Next, they began to staff IRRI, first by appointing Chandler as its director. (p. 154) Dr. Sterling Wortman, who had been a corn breeder at the Rockefeller program in Mexico, and Peter Jennings, who was then working at the Rockefeller Foundation project in Colombia, began searching for scientists. "The initial team consisted of individuals with degrees in agricultural economics, agricultural engineering, soil chemistry, agronomy, microbiology, biochemistry, plant physiology, plant pathology, entomology, plant breeding and genetics. There were also individuals in the areas of statistics and communication." (p. 155) Chandler and his staff viewed these disciplines as "indispensable" but Oasa points out that that "should be read as 'indispensable to plant breeding.'" (p. 157)

There was a worry that scientist from the United States and other wealthy nations would not want to work in the Philippines. IRRI decided to attract them both with the "noble" purpose of the work as well as with excellent salaries and fringe benefits, as well as excellent lab equipment and staff. The scientists arrived between 1960 and 1963. The formal organization of IRRI took place on April 13-14, 1960, with the inaugural meeting of its board of trustees, chaired by Harrar. (p. 158) Inauguration of IRRI itself took place on February 7, 1962. (p. 158)

After denoting these historical details and dates, Oasa discusses the mission of IRRI in greater depth:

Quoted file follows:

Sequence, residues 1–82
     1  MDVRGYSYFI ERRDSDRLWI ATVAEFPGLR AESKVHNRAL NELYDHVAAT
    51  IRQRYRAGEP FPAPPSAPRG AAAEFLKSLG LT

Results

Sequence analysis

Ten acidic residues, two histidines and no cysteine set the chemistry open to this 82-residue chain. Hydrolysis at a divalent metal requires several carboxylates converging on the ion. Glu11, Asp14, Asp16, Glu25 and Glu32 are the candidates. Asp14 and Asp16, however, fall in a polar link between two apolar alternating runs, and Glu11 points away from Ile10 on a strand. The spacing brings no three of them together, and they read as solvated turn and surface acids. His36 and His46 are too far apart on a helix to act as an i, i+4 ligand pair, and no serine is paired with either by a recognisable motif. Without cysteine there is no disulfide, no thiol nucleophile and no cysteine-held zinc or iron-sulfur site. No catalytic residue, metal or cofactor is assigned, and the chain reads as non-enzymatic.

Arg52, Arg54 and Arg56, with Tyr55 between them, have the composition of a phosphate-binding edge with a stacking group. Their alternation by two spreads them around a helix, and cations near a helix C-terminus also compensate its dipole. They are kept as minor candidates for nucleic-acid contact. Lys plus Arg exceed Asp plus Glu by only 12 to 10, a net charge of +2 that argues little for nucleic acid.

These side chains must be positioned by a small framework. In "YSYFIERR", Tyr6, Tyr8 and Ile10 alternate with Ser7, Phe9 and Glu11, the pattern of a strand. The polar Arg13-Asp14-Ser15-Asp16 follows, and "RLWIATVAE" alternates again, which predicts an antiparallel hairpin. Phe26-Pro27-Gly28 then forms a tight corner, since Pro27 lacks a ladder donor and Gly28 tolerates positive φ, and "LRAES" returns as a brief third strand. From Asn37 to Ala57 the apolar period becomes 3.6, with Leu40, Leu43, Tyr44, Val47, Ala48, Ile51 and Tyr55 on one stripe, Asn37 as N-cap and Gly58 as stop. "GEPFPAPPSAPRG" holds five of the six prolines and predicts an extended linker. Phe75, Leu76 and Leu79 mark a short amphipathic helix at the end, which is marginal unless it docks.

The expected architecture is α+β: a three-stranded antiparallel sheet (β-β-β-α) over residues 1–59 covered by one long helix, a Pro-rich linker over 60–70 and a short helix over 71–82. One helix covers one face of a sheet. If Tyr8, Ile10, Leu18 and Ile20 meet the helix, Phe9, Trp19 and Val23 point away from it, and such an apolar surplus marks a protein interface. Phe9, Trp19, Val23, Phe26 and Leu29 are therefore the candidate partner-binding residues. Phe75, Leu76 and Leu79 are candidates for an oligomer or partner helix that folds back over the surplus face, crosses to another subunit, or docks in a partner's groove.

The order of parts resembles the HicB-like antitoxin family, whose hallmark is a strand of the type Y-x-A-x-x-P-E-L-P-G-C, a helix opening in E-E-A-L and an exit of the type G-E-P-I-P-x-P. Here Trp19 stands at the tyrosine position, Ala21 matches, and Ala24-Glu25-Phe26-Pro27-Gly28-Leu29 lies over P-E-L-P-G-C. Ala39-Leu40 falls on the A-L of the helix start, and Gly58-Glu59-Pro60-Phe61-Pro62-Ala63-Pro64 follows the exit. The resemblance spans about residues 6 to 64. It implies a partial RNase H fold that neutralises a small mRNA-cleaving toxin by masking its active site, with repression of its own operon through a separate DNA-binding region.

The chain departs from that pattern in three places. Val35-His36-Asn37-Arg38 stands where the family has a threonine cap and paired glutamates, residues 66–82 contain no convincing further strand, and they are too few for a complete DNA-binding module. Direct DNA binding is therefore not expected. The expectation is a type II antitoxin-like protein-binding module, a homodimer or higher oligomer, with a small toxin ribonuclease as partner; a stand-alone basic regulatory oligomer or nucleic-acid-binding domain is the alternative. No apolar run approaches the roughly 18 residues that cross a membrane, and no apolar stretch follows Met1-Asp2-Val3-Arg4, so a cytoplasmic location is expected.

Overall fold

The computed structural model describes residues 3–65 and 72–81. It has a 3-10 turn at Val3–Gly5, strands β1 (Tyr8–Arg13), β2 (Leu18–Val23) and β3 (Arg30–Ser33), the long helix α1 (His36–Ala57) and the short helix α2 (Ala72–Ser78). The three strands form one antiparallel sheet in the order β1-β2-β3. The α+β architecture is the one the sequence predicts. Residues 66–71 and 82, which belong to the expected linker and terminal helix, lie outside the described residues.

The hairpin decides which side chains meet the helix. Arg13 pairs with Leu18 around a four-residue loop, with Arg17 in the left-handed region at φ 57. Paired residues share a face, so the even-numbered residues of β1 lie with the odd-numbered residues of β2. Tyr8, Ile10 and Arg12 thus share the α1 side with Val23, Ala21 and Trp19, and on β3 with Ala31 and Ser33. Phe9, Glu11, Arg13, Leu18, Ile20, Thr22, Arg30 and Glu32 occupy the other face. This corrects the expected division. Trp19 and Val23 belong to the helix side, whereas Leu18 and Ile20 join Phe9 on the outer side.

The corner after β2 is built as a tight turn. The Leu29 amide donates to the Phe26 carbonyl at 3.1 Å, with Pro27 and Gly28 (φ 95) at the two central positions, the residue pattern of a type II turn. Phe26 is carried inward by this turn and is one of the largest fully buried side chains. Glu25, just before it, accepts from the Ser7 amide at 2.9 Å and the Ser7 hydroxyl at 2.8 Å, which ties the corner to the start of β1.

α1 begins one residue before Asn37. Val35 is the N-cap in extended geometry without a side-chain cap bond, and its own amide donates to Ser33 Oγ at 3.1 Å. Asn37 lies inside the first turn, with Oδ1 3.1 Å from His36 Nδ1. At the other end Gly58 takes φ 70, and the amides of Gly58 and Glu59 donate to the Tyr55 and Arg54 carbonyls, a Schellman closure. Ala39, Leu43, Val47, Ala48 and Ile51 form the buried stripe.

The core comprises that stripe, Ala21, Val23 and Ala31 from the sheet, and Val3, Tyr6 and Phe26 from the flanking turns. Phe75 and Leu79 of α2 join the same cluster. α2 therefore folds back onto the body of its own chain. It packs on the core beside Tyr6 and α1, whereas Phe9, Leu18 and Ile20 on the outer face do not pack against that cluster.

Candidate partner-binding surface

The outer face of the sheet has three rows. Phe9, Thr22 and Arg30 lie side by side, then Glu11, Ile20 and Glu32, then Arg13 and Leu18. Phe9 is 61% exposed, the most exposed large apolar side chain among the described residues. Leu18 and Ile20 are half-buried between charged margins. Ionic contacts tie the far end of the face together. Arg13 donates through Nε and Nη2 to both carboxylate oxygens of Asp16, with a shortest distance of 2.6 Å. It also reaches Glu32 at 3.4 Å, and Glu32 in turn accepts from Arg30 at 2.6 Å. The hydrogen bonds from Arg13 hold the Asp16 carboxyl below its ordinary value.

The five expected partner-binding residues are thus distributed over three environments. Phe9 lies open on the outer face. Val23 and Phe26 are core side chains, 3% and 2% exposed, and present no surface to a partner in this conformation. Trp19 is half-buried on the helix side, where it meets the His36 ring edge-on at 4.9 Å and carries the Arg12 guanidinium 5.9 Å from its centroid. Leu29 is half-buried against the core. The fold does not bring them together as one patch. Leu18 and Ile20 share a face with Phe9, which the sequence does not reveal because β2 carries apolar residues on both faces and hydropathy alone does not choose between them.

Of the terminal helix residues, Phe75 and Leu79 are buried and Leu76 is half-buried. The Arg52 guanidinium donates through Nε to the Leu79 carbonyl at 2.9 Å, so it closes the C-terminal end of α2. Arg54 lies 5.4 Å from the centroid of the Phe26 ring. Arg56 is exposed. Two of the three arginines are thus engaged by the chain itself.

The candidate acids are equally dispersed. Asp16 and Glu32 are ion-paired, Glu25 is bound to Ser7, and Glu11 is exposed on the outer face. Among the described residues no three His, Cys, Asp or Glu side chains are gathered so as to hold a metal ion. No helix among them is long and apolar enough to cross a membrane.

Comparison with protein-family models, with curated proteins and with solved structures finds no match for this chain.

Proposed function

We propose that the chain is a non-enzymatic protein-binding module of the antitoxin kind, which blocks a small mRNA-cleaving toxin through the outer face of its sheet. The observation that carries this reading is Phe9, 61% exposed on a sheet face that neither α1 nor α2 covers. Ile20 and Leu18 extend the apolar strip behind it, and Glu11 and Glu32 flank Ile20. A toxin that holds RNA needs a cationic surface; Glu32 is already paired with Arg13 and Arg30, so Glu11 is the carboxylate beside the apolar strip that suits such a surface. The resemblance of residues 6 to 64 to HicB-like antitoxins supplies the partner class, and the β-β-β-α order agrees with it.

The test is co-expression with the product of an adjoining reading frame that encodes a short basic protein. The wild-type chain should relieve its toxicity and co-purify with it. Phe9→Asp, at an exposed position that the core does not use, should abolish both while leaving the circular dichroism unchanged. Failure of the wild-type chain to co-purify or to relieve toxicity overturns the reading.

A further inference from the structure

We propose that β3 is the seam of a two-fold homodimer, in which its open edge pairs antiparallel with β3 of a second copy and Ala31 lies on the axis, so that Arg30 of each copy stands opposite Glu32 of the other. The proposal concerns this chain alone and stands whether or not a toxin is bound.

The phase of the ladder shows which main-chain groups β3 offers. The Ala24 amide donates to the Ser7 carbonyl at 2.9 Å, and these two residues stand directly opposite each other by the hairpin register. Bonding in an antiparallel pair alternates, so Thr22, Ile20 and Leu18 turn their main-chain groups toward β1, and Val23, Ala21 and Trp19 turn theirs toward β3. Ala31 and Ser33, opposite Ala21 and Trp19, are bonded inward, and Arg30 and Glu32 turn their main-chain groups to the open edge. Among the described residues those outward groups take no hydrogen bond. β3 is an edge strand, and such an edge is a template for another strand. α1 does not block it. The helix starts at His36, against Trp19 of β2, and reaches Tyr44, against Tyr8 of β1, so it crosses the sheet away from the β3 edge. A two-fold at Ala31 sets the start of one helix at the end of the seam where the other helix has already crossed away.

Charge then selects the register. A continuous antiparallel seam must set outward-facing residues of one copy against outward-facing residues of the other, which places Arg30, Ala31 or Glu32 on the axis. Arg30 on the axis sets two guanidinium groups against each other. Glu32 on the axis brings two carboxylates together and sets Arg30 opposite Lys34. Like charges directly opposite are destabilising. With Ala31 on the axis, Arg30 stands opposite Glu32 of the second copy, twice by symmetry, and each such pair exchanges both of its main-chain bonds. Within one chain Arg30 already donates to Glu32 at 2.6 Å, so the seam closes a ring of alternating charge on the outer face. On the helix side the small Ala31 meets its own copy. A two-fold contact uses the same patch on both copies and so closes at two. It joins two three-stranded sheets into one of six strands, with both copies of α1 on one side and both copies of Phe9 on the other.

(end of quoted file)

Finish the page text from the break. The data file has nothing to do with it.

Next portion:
IRRI's Articles of Incorporation specifically referred to the "economic advantage or benefit for the people of Asia." This meant that the food problem was immediately linked to the problem of societal development and, at the same time, was reduced to the problem of existing traditional varieties of the rice plant; that is, by identifying "isolable technical problems," the Foundation felt that it, in cooperation with national elites, could solve the food problem. In final analysis, the problem was reduced to the isolable task of improving the productivity of the rice plant.

But, such a dramatic reduction also reflected and reaffirmed a very fundamental interest in preserving a given social order that has been historically plagued with unrest. If we recall "Notes on Indian Agriculture," Harrar, Weaver, and Mangelsdorf apprised the Foundation of India's culture and tradition that needed to be "overcome" if an agricultural research project were to be started. We can interpret their observations in two ways. One is that an underdeveloped country's culture and tradition (read social context) had to change. The introduction of modern science and technology could help this process by increasing productivity and total output to the extent of making agriculture a commercial and profitable [sic] for the Asian rice farmer. A second interpretation is that the Foundation had to leave the social context intact in trying to solve "isolable technical problems" of food production.

However different these interpretations are, they, nevertheless, infer the notion of "givenness" or "status quot." Extant social structures and institutions were not to be tampered with through human, political action and participation. And if any changes or benefits were to be derived, they would come about through the formulas of the agricultural sciences producing technology capable of increasing the yield per hectare of rice. Only then would social stability be achieved, exhibited by the adoption of the Western democratic tradition and the free play of market forces. - p. 159-160